Paying for Infrastructure
Paying for Infrastructure
Perhaps the most important financial indicator for water and sewer systems as well as and other capital-intensive public services is the ratio between reserves to operating revenue. This indicator is helpful when comparing systems but does not speak to the mechanics and methodology by which reserve set asides are incorporated into annual budgets. The below article was written by Director of Capital Planning Ashley Lucht and first appeared in the Summer 2012 edition of the Drinking Water and Groundwater Protection Division’s “Waterline” publication. The original article was modified given the widespread applicability of the concepts for all types of government entities.
Generally, communities have four options when considering how to pay for new capital.
- - Pay as you go (PAYGO)—current budget
- - Save in advance—reserves
- - Pay later—loans
- - Let someone else pay—grants and subsidies
- The first question for a community to answer is why they want to save for infrastructure given the myriad funding and financing options available. But once a community determines that reserves are a good idea, inevitably the follow-up questions will be:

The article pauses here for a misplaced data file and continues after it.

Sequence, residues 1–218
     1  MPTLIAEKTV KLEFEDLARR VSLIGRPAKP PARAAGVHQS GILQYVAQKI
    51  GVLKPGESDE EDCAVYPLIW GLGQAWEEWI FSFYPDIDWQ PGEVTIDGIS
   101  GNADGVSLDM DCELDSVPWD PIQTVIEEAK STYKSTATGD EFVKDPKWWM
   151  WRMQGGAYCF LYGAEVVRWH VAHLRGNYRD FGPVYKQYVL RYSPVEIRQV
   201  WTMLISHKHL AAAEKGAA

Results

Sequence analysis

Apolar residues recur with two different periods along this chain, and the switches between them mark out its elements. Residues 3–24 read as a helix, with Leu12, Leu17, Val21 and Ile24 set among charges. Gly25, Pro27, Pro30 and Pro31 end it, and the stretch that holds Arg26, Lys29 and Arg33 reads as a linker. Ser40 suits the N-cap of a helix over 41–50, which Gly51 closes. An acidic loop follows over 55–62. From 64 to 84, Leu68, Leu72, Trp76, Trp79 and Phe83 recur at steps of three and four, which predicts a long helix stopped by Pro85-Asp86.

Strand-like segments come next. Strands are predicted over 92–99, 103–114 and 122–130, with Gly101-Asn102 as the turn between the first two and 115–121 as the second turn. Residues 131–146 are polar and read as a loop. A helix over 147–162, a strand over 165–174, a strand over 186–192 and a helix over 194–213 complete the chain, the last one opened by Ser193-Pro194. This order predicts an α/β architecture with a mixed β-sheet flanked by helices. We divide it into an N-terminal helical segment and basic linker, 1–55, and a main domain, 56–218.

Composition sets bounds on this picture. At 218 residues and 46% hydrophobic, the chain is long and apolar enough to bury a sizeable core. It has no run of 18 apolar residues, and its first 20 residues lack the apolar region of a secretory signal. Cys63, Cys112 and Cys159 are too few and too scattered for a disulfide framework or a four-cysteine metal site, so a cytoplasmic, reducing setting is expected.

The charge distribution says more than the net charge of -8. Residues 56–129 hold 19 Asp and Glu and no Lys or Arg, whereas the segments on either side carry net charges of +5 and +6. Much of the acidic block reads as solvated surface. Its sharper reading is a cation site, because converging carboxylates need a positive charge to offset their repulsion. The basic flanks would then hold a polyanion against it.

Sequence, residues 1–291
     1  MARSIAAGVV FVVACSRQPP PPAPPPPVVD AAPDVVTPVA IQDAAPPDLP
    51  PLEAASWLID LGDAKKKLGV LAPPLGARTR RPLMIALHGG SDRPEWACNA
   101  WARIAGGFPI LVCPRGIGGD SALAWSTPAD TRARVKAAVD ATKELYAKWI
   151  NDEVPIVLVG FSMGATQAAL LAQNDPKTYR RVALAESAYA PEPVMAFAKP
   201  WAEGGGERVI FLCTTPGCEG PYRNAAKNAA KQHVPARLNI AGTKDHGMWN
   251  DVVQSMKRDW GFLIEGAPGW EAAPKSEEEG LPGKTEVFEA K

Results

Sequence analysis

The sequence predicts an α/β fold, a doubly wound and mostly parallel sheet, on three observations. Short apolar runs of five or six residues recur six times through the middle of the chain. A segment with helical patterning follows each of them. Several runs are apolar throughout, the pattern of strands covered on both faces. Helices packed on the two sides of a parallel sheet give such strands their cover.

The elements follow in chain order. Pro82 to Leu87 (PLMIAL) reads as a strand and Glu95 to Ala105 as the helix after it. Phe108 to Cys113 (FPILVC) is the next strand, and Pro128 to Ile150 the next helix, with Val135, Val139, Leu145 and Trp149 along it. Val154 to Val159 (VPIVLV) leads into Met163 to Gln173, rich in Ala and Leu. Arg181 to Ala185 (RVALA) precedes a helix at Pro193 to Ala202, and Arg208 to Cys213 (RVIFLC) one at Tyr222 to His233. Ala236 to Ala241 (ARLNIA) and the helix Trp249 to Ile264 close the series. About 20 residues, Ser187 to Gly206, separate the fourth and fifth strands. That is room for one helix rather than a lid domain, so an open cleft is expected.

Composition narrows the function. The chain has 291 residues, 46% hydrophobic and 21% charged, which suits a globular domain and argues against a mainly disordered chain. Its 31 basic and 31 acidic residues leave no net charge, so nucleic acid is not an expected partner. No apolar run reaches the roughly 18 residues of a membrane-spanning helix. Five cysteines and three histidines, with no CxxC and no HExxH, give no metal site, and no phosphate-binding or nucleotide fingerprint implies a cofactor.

- - How much should be put away?
- - Are there rules for reserves?
- - Are there rules for spending reserves?
Should a community save money?
With shrinking federal and state loan assistance programs, a community may think that it is more important than ever to have funds on hand to ensure system sustainability. However, depending on the type of assets being funded, reserves may only be part of the answer.
A community can think about infrastructure investment in three buckets:
- - Short-lived asset (0 to 5 years)
- - These are expenses that occur frequently, like chemicals, vehicles/heavy equipment, inexpensive machinery
- - Medium-lived asset (5 to 20 years)
- - Determine which assets have a relatively medium-lived life: meters, pumps, vehicles/heavy equipment, paving
- - Long-lived asset (Greater than 20 years)
- - Long-lived assets include those with the durability to be used for decades including brick and mortar facilities, and distribution and collection systems